Grand Rapids pols say commenters blocked parking hike, they should blame themselves
At issue is whether opposition to parking meter hikes from commenters on the local news site MLive.com (the Grand Rapids Press’ web home) intimidated public officials into tabling the proposed rate increases.
MLive: “Any coward can say anything they want on MLive comments,” said parking commissioner David LaGrand. “That’s an abomination and a betrayal of the First Amendment.
You know who would disagree with the whole “betrayal of the First Amendment” patter? The guys who actually wrote the First Amendment.
This is not my opinion. It is a statement of fact, and we know it is fact because three Constitutional framers (John Jay, James Madison, and Alexander Hamilton) wrote a series of essays encouraging its ratification under the anonymous pseudonym “Publuis.” We know their work today as “The Federalist Papers.”
Why is Grand Rapids Parking Commission David LaGrand accusing James Madison, the father of the Bill of Rights, of betraying said Bill of Rights?
That said, LaGrand is basically right about the MLive comments section and, really, the vast majority of mainstream news site comment sections—they are dumping grounds of ignorance and bile. For every interesting viewpoint, there are at least 10-15 morons ranting (usually in ALL CAPS) about “Nobama!” or how Gov. Rick Snyder has cloven hoofs.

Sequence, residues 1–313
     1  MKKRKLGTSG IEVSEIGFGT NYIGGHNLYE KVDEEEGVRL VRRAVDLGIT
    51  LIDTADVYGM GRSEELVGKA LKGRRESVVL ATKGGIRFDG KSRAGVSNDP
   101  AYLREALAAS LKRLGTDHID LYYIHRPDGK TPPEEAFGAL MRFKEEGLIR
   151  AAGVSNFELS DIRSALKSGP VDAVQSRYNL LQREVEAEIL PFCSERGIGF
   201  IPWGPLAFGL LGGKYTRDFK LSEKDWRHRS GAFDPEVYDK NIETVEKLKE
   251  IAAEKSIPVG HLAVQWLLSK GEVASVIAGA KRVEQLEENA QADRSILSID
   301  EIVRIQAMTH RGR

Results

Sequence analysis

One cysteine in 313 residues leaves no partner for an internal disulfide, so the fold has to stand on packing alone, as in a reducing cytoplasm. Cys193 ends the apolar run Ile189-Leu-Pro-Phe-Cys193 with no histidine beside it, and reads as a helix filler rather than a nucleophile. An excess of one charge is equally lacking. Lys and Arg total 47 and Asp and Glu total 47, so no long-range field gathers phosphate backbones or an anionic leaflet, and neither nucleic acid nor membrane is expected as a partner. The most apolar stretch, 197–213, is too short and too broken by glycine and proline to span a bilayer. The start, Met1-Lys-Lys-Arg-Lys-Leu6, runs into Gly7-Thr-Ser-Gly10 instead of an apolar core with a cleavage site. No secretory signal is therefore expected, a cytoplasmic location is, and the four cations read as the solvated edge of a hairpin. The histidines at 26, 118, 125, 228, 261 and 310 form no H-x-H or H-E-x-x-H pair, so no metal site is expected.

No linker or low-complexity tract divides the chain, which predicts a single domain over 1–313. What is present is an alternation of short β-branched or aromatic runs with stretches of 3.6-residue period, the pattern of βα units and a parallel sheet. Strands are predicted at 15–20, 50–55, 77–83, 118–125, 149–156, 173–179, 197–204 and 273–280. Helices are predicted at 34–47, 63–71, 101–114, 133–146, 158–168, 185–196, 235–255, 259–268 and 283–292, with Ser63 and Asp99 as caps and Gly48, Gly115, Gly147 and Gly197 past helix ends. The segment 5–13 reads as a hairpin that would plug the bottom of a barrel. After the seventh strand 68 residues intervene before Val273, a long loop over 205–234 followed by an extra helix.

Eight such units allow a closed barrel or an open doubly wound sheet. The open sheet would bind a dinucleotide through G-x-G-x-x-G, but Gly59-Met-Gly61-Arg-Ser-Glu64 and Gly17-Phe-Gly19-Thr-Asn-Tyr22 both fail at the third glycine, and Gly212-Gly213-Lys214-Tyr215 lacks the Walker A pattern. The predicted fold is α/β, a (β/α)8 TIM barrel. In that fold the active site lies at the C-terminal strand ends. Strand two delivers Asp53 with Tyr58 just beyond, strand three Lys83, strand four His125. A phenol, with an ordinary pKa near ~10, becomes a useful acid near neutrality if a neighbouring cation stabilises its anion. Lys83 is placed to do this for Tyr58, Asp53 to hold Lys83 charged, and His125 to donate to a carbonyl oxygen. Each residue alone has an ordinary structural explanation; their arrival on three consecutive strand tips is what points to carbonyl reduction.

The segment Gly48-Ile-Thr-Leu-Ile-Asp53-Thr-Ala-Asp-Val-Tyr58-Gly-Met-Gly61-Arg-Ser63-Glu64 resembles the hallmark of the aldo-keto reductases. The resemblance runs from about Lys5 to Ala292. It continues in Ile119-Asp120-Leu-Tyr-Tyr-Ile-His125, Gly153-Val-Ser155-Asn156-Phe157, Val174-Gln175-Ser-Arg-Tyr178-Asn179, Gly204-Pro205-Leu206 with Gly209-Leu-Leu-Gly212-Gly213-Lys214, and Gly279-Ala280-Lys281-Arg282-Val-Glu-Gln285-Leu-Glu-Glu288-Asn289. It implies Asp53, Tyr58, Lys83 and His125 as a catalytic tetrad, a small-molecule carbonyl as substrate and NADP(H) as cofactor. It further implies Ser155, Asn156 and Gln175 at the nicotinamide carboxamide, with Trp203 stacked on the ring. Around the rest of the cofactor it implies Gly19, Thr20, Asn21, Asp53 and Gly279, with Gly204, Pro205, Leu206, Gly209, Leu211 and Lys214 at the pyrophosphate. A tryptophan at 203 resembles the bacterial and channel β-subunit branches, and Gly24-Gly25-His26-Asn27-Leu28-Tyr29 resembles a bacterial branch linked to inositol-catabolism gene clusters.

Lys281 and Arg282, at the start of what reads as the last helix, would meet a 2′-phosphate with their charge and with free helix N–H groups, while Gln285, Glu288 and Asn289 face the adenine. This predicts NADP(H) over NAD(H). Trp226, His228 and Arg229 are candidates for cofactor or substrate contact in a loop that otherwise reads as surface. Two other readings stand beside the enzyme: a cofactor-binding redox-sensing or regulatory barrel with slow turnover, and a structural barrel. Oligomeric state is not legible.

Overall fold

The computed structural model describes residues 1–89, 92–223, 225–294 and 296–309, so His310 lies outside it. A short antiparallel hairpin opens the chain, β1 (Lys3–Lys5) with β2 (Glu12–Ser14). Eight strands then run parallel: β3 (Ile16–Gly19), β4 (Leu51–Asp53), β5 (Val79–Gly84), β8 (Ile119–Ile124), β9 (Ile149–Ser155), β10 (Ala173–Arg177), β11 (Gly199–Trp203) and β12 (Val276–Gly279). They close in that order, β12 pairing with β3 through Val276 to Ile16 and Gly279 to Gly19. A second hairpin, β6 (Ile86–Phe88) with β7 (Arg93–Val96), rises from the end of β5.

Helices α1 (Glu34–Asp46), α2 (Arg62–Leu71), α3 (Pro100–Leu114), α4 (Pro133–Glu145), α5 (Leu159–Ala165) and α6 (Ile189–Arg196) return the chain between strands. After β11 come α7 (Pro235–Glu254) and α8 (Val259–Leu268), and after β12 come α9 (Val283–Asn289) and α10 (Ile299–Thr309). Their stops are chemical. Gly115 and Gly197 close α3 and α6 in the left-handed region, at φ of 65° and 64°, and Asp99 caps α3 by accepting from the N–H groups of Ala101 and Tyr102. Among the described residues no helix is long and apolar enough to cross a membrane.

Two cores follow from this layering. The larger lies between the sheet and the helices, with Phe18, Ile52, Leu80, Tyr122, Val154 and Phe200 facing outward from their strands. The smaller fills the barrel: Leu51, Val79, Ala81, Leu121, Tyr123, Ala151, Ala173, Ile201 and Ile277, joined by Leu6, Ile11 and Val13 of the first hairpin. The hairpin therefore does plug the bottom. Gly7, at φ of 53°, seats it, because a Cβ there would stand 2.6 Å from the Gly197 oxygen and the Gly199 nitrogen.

That includes the un-anonymous sections powered by Facebook. Go read comments on any racially-charged story on the Freep or News sites, and you’ll find plenty of racism and stupidity from commenters who have their real names and usually faces attached to some remarkably awful thoughts.
I would argue, while acknowledging Deadline Detroit’s own comments stream, that comment sections are a 15-year failed experiment in what corporate bureaucrats like to call “engagement.”
With few exceptions (like Deadspin and Wonkette, where a culture of wit runs off the troglodytes) most comment sections are packed with a handful of prolific imbeciles who have very little interesting to say and a lot of free time with which to say it.
Many Americans, as this tall drink of water demonstrates, have no problem taking credit for the shallowest or most offensive opinions, so anonymity is beside the point.
The beauty of our marketplace of ideas is that everyone, from ordinary citizens to elected officials, are free to discount malformed, illogical, or offensive ideas just as we ignored Crystal Pepsi and the Pontiac Aztek.
That a digital rabble can discourage public officials from making what they believe to be sound policy says less about online comments and more about the cowardice of certain elected officials.